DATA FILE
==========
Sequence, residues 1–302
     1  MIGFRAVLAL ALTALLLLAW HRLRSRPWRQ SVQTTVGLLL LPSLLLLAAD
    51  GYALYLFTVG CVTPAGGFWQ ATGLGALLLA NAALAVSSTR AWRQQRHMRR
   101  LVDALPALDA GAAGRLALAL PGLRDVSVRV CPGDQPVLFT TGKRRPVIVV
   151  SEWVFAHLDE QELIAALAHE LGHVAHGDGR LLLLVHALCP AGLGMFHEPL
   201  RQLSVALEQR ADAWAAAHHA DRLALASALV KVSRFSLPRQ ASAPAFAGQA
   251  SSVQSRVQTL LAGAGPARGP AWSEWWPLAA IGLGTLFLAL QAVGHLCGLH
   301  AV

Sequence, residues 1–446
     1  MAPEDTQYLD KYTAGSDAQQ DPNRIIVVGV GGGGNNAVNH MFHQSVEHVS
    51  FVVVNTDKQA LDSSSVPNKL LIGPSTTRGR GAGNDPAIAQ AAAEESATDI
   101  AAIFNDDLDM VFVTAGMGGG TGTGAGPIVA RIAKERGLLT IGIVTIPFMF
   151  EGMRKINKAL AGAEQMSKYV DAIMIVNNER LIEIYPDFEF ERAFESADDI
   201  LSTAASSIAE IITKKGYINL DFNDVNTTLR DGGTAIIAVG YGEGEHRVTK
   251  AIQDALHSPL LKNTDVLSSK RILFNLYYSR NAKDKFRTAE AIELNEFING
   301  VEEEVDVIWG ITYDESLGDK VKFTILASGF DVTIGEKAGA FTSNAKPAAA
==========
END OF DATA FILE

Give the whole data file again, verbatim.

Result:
Sequence, residues 1–302
     1  MIGFRAVLAL ALTALLLLAW HRLRSRPWRQ SVQTTVGLLL LPSLLLLAAD
    51  GYALYLFTVG CVTPAGGFWQ ATGLGALLLA NAALAVSSTR AWRQQRHMRR
   101  LVDALPALDA GAAGRLALAL PGLRDVSVRV CPGDQPVLFT TGKRRPVIVV
   151  SEWVFAHLDE QELIAALAHE LGHVAHGDGR LLLLVHALCP AGLGMFHEPL
   201  RQLSVALEQR ADAWAAAHHA DRLALASALV KVSRFSLPRQ ASAPAFAGQA
   251  SSVQSRVQTL LAGAGPARGP AWSEWWPLAA IGLGTLFLAL QAVGHLCGLH
   301  AV

Sequence, residues 1–446
     1  MAPEDTQYLD KYTAGSDAQQ DPNRIIVVGV GGGGNNAVNH MFHQSVEHVS
    51  FVVVNTDKQA LDSSSVPNKL LIGPSTTRGR GAGNDPAIAQ AAAEESATDI
   101  AAIFNDDLDM VFVTAGMGGG TGTGAGPIVA RIAKERGLLT IGIVTIPFMF
   151  EGMRKINKAL AGAEQMSKYV DAIMIVNNER LIEIYPDFEF ERAFESADDI
   201  LSTAASSIAE IITKKGYINL DFNDVNTTLR DGGTAIIAVG YGEGEHRVTK
   251  AIQDALHSPL LKNTDVLSSK RILFNLYYSR NAKDKFRTAE AIELNEFING
   301  VEEEVDVIWG ITYDESLGDK VKFTILASGF DVTIGEKAGA FTSNAKPAAA